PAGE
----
Graduate Student Research Grant Competition

The Human Rights Institute announces the Human Rights Research Grant Competition for graduate students at the University of Connecticut. The objective of the competition is to support and promote research projects on human rights related questions.

2019-2020 Human Rights Research Grant Recipients

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To read more about these students' individual projects, and previous Graduate Research Funding Awardees please see HERE.


Application Instructions and Eligibility Criteria

The funding competition is open to all JD, LLM, master's and doctoral students in all disciplines from Storrs and the regional campuses.

Evaluation Criteria for Graduate Student Human Rights Research Grant Applications

1. Overall excellence of the proposed research project on human rights issues, understood broadly. Projects should make a significant contribution to ongoing scholarly and policy debates in the field of human rights.

2. Awards will prioritize primary research, including library research, fieldwork, interviewing, historical archival research, pilot studies, data collection and data set construction, etc. In exceptional cases we will consider summer fellowship requests, which would allow PhD students the time to make significant progress or complete their dissertations. Requests for funding for conference travel and seminar/course tuition (including language or methods training) will also be considered.

All proposals will be reviewed and ranked by a multidisciplinary review committee chaired by the Co- Director of the Human Rights Institute and comprised of members of the Gladstein Committee. The number of grants will depend on the number of applications ranked 'excellent' by the review panel.

Application format

Each application should include a project proposal which should be a maximum of three pages (references not included), an anticipated budget, CV, and letter of recommendation. All written materials should be double spaced and printed in 12-point, Times New Roman font with 1 inch standard margins.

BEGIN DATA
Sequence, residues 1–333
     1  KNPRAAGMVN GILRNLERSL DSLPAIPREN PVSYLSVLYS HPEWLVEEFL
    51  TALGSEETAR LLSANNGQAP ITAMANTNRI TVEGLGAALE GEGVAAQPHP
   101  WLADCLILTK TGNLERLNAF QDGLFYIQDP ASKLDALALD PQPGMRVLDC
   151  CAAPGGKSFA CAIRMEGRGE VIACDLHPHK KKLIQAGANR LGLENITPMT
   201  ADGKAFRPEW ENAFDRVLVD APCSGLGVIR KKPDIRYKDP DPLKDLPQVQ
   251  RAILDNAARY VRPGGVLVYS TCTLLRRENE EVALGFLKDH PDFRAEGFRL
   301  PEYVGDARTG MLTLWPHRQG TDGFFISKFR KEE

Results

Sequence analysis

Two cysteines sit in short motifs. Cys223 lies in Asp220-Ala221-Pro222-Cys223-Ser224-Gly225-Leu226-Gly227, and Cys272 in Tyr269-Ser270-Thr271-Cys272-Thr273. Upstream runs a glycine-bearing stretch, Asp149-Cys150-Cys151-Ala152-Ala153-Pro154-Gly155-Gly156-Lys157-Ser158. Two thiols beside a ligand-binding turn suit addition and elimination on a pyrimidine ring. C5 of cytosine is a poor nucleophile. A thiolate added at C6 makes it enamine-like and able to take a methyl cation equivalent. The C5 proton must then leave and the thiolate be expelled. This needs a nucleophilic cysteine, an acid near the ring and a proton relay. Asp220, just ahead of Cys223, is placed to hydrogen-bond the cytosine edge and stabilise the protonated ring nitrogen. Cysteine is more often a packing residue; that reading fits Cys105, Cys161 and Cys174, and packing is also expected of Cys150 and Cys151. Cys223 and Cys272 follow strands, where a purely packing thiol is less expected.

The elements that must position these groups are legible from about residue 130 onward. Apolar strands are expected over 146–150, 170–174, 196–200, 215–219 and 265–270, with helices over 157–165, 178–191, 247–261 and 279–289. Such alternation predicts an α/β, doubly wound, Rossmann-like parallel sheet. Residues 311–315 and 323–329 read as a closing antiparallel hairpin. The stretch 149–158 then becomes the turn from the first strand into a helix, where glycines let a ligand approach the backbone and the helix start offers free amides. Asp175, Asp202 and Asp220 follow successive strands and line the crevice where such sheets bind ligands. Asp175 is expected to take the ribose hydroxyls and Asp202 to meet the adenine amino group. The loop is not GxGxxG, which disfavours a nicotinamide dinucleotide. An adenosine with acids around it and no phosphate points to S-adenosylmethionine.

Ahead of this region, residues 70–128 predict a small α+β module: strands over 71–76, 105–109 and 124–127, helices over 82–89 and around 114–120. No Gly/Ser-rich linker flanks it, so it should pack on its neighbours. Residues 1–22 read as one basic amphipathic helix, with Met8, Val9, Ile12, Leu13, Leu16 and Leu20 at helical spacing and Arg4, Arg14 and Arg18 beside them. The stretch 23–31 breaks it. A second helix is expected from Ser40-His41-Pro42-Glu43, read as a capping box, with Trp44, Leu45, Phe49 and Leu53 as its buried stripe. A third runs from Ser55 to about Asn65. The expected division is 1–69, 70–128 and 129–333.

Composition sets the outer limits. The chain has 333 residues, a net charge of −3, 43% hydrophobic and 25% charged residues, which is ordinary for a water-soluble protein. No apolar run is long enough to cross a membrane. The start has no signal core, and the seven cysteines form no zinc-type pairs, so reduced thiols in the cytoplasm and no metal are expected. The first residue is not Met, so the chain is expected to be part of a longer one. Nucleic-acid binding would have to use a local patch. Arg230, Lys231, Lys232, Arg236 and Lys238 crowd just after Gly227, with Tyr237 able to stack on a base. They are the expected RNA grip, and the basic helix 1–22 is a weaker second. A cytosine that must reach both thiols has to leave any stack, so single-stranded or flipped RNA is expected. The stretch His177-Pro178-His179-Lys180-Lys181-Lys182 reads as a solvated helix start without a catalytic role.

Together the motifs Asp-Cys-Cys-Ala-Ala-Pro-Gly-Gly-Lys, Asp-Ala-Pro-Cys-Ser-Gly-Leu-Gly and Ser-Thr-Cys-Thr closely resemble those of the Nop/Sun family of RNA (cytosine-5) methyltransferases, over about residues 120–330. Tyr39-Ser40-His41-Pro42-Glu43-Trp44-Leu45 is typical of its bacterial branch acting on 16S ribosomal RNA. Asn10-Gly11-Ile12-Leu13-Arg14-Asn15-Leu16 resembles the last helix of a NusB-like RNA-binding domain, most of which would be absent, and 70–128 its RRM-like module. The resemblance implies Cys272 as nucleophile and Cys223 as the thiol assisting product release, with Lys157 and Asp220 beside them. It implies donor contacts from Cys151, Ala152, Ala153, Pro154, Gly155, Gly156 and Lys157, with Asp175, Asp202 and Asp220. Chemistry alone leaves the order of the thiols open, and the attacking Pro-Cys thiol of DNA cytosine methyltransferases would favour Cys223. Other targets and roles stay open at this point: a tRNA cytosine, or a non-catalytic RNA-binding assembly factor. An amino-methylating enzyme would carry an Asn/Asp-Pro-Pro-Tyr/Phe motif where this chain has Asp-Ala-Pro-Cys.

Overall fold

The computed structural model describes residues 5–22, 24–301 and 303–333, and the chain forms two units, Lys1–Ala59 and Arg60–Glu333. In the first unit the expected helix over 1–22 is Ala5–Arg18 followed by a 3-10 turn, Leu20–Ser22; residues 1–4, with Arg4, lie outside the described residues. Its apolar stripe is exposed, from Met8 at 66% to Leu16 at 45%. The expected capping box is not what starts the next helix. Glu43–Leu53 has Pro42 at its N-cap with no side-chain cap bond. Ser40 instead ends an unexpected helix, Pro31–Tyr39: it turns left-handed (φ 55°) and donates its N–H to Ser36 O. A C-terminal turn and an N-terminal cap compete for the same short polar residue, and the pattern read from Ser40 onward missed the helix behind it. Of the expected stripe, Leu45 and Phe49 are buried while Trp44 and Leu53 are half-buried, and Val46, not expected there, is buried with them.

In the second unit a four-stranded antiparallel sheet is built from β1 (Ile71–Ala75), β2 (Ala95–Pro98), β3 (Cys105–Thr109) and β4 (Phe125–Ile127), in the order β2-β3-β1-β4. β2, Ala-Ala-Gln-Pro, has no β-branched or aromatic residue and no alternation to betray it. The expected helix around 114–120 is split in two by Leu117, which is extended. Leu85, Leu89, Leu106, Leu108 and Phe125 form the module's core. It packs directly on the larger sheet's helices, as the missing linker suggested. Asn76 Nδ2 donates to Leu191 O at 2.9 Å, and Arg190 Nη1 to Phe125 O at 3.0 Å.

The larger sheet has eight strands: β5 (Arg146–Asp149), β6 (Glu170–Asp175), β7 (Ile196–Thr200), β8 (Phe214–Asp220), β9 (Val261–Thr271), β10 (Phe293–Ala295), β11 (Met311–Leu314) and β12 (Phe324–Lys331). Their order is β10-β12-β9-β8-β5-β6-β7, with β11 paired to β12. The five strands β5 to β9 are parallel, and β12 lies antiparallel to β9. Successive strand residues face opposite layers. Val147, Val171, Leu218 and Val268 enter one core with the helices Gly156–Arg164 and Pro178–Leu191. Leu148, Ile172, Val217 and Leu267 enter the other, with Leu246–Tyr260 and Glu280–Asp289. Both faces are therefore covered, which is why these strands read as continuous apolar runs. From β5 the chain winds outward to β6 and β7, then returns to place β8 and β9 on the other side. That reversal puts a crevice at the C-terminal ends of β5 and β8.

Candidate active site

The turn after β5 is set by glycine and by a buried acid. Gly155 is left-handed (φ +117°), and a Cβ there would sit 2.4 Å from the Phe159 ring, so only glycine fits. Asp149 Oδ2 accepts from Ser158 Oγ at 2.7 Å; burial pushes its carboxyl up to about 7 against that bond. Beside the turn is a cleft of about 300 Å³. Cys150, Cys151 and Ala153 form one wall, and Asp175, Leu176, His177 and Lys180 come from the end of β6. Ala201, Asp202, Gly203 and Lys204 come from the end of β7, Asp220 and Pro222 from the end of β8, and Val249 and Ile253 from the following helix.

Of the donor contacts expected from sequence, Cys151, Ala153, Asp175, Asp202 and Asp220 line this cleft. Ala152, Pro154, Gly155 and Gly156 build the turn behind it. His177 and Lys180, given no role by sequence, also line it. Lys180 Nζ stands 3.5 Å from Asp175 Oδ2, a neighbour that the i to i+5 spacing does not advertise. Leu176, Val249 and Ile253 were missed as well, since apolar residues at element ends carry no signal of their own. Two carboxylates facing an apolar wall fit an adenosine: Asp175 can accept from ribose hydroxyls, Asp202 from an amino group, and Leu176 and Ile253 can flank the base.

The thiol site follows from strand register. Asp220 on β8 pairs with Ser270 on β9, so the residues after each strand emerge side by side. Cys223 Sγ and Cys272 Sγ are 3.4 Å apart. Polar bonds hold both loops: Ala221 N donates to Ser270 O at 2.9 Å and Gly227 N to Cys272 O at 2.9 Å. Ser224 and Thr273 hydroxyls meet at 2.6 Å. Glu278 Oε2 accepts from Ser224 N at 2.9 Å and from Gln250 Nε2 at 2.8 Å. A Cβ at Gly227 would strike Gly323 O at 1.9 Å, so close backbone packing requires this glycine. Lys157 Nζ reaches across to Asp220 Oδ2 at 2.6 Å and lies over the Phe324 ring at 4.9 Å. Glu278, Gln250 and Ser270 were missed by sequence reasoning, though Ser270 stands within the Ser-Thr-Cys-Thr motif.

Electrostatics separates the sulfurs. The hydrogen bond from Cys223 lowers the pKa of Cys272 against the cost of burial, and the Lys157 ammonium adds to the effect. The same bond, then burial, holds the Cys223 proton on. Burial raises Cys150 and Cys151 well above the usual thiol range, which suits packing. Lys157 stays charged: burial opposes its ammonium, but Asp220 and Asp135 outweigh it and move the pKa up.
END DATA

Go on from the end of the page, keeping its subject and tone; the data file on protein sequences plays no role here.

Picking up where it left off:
The 3 page project proposal should include the following:

  • Intellectual Rationale: Please describe your reasoning for undertaking this research project and the impact you think believe your project will have on understandings of, and/or policies affecting, human rights.
  • Expected Project Outcomes: Describe what the expected outcome of your research project is should you receive these funds. That is, what will be produced with these funds?
  • Methodology: Explain how you will conduct your research. Be explicit in describing the types of methods employed and the advantage of using these particular methods.
  • Budget Narrative: The purpose of the budget narrative is to supplement the information provided in the anticipated budget document to demonstrate you have considered the costs associated with your research. The narrative is different from the spreadsheet in that rather than listing expected costs in dollars, the narrative explains the rationales for these expected costs.

You should submit your application via our online portal at:

Graduate student applications are also required to include a separate statement from their supervisor on how the funding will advance the applicant's research, and a copy of the latest version of their CV. Please forward this link to your recommender for them to submit your letter electronically:

Application Deadline: November 8, 2019

If you have any questions please call 860-486-5393 or email

For more information about previous award winners, see HERE.